Coronavirus Job Retention Scheme – March 2020
Update: 26th March 2020 – Details have been confirmed for the Coronavirus Job Retention Scheme
Who can claim
Any UK organisation with employees can apply, including:
- recruitment agencies (agency workers paid through PAYE)
- public authorities
You must have created and started a PAYE payroll scheme on or before 28 February 2020 and have a UK bank account.
Work out what you can claim
Employers need to make a claim for wage costs through this scheme.
You will receive a grant from HMRC to cover the lower of 80% of an employee’s regular wage or £2,500 per month, plus the associated Employer National Insurance contributions and minimum automatic enrolment employer pension contributions on that subsidised wage. Fees, commission and bonuses should not be included.
At a minimum, employers must pay their employee the lower of 80% of their regular wage or £2,500 per month. An employer can also choose to top up an employee’s salary beyond this but is not obliged to under this scheme.
The government will issue more guidance on how employers should calculate their claims for Employer National Insurance Contributions and minimum automatic enrolment employer pension contributions, before the scheme becomes live
On 20 March 2020 the Government announced a scheme to provide all businesses with wages for employees who are ‘furloughed’.
HM Revenue and Customs (HMRC) will reimburse 80% of employees’ wage for all employment costs, up to a cap of £2,500 per month, as a result of the COVID-19 outbreak. The employer can choose to pay the additional 20% but there is no obligation to do so.
This applies to staff who are unable to perform their work as the country is put on lock down due to COVID-19. It is believed that this financial help will also apply to those companies who had already laid-off workers, as long as they are reinstated into their workforce and given a leave of absence instead.
All UK businesses are eligible to access the scheme and to do so they would need to:
- Check your employment contracts
- Designate affected employees as ‘furloughed’ workers and notify employees of this change.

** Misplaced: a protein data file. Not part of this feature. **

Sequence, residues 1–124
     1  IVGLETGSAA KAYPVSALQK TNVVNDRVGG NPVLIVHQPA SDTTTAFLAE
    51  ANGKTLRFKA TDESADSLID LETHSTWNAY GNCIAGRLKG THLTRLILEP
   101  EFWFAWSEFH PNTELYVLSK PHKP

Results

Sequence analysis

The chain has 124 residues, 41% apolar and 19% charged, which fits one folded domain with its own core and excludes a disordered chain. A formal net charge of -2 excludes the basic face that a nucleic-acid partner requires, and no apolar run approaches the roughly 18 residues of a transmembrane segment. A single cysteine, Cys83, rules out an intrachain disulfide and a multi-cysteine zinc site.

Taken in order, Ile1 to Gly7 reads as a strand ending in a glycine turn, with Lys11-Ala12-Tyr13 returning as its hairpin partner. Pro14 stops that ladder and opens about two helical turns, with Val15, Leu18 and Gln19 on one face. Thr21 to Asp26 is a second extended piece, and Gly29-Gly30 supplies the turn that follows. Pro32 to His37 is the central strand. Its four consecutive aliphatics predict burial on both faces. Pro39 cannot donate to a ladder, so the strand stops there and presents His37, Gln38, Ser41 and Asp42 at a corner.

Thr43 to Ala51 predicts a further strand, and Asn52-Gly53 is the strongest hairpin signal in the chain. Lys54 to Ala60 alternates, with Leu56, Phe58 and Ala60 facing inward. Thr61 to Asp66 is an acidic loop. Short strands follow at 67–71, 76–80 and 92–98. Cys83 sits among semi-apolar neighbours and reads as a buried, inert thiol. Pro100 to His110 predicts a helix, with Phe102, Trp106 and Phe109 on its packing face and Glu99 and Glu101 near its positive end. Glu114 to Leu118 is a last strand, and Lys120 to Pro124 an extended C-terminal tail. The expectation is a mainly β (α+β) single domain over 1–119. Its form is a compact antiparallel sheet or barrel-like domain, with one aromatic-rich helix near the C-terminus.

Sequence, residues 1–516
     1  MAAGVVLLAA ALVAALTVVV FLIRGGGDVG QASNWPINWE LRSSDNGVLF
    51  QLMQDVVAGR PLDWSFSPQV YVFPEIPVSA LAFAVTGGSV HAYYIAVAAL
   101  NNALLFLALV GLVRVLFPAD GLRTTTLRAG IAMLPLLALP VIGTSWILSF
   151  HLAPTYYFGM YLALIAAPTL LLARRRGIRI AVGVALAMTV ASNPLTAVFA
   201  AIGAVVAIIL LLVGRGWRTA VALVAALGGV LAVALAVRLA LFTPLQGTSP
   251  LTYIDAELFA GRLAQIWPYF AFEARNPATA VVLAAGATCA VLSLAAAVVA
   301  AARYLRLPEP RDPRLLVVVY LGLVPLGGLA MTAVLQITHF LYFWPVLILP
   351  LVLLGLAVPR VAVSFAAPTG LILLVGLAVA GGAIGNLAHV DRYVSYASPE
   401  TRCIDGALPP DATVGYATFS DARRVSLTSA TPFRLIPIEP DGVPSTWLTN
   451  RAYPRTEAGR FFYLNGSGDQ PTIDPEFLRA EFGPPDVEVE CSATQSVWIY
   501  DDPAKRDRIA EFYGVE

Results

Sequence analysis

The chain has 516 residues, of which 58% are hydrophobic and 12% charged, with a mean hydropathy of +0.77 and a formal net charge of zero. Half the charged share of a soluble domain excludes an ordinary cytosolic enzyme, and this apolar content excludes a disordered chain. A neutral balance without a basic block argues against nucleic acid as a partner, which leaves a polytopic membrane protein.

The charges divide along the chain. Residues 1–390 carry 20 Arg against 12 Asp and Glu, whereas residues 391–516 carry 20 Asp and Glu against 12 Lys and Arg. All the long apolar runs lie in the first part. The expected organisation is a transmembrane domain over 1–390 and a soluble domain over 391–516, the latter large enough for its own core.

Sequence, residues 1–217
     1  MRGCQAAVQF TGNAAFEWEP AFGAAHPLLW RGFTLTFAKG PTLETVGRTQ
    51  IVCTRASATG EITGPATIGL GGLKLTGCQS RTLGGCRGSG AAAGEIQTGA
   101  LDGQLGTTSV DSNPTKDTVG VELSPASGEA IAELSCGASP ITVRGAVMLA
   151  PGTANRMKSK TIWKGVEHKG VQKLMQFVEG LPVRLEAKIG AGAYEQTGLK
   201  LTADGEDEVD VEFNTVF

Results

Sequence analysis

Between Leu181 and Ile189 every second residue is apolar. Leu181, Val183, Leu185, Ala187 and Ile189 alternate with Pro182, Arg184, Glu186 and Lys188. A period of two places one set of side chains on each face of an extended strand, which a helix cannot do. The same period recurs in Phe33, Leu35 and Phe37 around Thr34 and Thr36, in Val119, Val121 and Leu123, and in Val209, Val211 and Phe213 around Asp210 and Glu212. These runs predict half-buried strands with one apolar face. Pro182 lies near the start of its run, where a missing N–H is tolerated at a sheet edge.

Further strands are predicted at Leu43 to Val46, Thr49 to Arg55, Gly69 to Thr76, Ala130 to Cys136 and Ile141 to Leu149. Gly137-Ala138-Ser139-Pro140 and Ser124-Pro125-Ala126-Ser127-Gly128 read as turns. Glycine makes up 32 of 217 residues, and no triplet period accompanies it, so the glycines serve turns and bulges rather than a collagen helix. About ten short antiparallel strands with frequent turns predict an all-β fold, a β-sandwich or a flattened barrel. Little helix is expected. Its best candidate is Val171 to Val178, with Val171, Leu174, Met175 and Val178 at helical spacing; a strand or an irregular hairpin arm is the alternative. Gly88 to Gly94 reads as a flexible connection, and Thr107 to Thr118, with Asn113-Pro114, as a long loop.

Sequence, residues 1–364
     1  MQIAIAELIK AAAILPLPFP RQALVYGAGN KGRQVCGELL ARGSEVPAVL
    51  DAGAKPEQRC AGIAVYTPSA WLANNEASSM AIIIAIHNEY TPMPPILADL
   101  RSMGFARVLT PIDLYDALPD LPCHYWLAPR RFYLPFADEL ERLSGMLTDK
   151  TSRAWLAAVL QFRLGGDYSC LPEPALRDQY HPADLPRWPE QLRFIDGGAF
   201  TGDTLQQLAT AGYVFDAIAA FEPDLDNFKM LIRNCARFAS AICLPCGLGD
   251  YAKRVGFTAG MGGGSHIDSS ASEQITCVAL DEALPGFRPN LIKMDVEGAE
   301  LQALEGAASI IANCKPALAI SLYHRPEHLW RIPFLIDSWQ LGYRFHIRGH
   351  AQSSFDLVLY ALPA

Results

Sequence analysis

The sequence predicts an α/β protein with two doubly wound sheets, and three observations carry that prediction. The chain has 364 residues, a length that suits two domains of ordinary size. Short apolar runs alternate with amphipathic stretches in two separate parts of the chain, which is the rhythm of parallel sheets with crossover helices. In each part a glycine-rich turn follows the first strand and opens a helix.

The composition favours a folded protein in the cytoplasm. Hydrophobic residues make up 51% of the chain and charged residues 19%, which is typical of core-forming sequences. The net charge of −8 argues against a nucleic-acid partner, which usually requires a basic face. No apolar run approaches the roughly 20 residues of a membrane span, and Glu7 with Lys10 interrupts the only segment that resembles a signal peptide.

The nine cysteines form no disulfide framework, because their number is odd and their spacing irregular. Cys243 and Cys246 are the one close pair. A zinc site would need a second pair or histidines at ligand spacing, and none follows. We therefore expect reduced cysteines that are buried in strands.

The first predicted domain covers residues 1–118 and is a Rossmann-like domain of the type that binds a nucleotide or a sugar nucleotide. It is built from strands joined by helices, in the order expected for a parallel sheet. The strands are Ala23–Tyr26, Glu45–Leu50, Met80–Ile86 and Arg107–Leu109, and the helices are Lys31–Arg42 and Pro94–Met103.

- Submit information to HMRC about the employees that have been furloughed and their earnings through a new online portal. Further details to follow from the HMRC as to how this will work.
- The employer does not have to furlough the whole workforce, they can furlough part of it.
Employers must follow normal employment law requirements in designating employees as furloughed. This is likely to apply as follows:
- If there is a lay off clause in the contract of employment this should be exercised and no consultation or notice period is required;
- Where there is no contractual right to lay off or amend pay this will be a change in terms and condition and the only viable option is to agree a variation of contract.
- It is likely employees will agree when faced with the choice of being paid 80% pay or statutory redundancy. This is particularly the case if the employer may become insolvent and they will get no pay now and a statutory redundancy pay in many months’ time.
- Employers can only furlough employees if they have no work at all for that employee. It is also the choice of an employer so, if the employee requests to be furloughed the employer can refuse to agree.
- It is stated that employers must pay 80% of wages to a furloughed employee which they can then claim back from HMRC. Technically if there is no express lay off clause, the employer still remains liable for the remaining 20% unless there is agreement from the employee to the contrary. Consequently any letters sent to employees should seek that agreement.
- The new scheme is not intended to cover employees who are sick, however, employers will need to consider the implications on their policies for workers who are sick and self-isolating due to the coronavirus guidance.
It is believed this will be backdated to 1 March 2020 and will initially run for three months however, it could be extended if it is necessary. The financial support is stated to be a “grant” and therefore we understand that businesses will not be required to pay it back.
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